The observable universe exists inside a black hole created by the total mass present in the observable universe.
1.Black hole cosmology
If we find the size at which the mass distribution with the average mass density of the present universe forms a black hole.
R=2GM/c^2
R_UB=(3c^2/8πGρ)^(1/2)=14.3Gly
The above expression means that if the present universe has a critical mass density ρ_c(the order of 5~6 hydrogen atoms per 1/m^3) value and
the size is approximately R_UB=14.3Gly or more, this region becomes a black hole.
Currently, we estimate that the size of the observable universe is larger than 14.3 Gly, and the entire universe is estimated to be larger than the observable universe 46.5Gly, so our observable universe inevitably exists inside a huge black hole called the universe.
Black hole cosmology holds true if the following four things are true.
1)Finite Universe
We do not yet know whether the universe is finite or infinite. However, in my personal opinion, infinity is a mathematical notion, and there seems to be no infinite in physical reality. Even flat space-time does not guarantee an infinite universe (infinite mass-energy distribution). Since the age of the universe is finite and the propagation velocity of the field is also finite, the mass distribution is considered to be finite. Therefore, if we exclude the infinite universe, we face the problems 2)~4).
2)Schwarzschild's radius equation R=2GM/c^2
3)Observed average density
4)The observable universe 46.5Gly, the entire universe much larger than the observable universe.
The Black Hole Cosmology is the inevitable conclusion of the above 4 items. 2) is an equation that has been verified in two different theoretical systems (Newtonian mechanics and general relativity), 3) and 4) is on a very solid foundation, and even if 3) and 4) have some errors, the entire universe is estimated to be much larger than the observable universe. Even if the average density is lower than the current observation, the much larger entire universe inevitably renders the universe a black hole. This is because when the universe becomes R times larger, the density required to become a black hole decreases by 1/R^2.
2.Weaknesses of the Black Hole Cosmology
1) In a black hole, all matter is compressed into a singularity, so there is no space for humans to live. There is no almost flat space-time that could contain the observable universe inside a black hole.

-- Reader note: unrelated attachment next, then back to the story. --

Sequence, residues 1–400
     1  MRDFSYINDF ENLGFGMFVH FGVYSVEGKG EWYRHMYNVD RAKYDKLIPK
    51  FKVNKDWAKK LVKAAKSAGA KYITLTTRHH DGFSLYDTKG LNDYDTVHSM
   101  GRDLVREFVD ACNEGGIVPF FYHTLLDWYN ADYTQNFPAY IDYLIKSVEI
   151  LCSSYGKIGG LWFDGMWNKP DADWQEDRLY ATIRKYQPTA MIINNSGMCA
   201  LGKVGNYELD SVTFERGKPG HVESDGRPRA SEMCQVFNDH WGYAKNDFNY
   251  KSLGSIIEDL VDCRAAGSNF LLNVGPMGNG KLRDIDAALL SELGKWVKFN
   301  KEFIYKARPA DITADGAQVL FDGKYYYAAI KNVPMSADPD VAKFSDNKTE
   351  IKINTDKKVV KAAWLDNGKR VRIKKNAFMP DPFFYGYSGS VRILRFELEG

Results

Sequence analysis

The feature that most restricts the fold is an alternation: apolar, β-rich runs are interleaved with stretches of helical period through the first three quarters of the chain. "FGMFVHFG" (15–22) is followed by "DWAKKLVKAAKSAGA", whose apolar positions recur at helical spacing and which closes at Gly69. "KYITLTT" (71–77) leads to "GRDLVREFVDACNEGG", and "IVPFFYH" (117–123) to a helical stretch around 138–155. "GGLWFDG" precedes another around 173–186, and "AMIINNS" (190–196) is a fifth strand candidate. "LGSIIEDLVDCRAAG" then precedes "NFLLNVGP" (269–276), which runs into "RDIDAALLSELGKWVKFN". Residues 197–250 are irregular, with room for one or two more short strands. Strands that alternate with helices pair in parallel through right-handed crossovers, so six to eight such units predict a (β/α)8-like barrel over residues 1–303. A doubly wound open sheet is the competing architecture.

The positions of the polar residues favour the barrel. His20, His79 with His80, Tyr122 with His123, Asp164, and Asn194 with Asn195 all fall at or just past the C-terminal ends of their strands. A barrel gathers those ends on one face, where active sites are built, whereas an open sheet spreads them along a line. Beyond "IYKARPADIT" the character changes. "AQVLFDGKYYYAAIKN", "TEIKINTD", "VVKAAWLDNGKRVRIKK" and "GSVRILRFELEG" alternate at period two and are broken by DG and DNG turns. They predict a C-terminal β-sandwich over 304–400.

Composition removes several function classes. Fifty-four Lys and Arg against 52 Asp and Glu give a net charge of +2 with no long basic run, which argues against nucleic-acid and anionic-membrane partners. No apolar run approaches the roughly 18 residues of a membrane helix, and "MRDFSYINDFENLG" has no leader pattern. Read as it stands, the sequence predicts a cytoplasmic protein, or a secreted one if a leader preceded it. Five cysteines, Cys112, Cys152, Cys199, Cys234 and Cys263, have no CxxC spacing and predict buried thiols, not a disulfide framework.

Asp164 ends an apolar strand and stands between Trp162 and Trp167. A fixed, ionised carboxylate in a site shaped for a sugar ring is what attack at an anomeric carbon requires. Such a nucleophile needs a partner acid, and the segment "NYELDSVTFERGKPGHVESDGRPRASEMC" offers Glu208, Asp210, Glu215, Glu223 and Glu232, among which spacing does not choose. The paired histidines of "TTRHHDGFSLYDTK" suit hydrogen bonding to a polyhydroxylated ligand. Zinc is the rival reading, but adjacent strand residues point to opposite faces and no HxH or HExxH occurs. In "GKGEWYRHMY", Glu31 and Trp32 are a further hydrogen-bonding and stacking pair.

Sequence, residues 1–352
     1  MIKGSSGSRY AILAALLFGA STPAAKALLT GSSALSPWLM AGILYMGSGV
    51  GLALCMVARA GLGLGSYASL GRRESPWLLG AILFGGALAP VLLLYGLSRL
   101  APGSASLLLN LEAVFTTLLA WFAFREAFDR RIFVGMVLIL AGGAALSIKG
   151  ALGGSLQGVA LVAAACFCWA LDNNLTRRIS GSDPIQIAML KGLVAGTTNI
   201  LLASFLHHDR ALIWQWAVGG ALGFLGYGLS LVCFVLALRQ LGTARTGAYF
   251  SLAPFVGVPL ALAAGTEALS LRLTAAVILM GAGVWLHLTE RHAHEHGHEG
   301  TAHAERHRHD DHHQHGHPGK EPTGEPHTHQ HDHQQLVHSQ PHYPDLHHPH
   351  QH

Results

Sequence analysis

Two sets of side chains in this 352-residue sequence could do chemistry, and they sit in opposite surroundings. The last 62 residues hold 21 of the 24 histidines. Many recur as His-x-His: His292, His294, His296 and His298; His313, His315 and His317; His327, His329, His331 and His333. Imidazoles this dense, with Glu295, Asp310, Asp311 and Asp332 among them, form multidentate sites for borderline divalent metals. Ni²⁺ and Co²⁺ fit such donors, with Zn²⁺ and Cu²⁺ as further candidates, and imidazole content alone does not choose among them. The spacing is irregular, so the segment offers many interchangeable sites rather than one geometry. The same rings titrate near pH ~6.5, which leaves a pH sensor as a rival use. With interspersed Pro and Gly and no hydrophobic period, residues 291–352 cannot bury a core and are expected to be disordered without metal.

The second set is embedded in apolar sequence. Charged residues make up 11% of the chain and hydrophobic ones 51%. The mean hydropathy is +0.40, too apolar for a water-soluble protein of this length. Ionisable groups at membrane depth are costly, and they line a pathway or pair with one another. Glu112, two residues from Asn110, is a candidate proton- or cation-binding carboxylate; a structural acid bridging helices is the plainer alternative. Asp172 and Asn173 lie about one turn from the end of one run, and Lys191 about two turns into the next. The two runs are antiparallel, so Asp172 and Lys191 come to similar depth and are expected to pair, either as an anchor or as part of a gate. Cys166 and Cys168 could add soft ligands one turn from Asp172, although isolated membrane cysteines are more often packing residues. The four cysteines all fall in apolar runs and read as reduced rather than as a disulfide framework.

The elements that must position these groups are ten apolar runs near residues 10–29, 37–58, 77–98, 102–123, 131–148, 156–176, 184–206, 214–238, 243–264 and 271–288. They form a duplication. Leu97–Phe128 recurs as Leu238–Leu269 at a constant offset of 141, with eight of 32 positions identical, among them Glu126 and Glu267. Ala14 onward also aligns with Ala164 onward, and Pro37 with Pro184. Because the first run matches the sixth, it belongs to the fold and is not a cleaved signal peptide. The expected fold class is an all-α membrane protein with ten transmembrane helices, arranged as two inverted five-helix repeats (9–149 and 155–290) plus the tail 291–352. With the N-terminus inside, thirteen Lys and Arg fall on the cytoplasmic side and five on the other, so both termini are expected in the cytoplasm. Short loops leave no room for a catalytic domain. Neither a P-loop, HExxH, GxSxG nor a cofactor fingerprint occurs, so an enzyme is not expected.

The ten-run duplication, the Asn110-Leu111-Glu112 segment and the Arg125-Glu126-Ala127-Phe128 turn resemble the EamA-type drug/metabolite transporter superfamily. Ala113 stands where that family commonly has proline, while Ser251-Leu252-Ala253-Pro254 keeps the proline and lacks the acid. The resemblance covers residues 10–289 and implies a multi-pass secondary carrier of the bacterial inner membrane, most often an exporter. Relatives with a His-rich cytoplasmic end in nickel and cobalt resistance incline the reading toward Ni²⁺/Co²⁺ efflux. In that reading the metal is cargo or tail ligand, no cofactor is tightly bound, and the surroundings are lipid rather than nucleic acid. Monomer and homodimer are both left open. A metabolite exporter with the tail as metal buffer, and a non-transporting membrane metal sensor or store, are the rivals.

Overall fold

2) In the black hole, singularity exist in the future, and in the universe, singularity exist in the past. Black hole and the universe are opposites.
3) The universe is expanding. Inside a black hole, all matter must contract at a singularity. The two models show opposite phenomena. It is difficult to explain the expansion of the universe inside a black hole.
Problems such as strong tidal force enough to disintegrate people, the movement of all matter in the direction of the singularity, and the expanding universe have been pointed out as fatal weaknesses of the Black Hole Cosmology. If our universe was a black hole, all galaxies should have collapsed into a singularity or exhibit motion in the direction of the singularity, but the real universe does not exhibit such motion characteristics. Therefore, the Black Hole Cosmology was judged to be inconsistent with the current observations, and the Black Hole Cosmology did not become a mainstream cosmological model.
A singularity exists inside a black hole, and all matter falls to the singularity and is destroyed.
In other words, if we were inside a black hole now, it would have collapsed due to gravity as a singularity, so we would not have been able to form the current structure of the galaxy or the solar system, and we could not exist.
Although this objection(Weaknesses) appears to be clear and well-grounded, in fact, this objection also has its own weaknesses.
1) The proposed weakness does not break the argument 2)~4) of the Black Hole Cosmology.
Whatever the weakness , if 1) ~ 4) does not collapse, the Black Hole Cosmology is very likely to hold.
2) Most physicists and astronomers believe that the singularity problem will be solved either using quantum mechanics or in some unknown way, so there will be no singularity.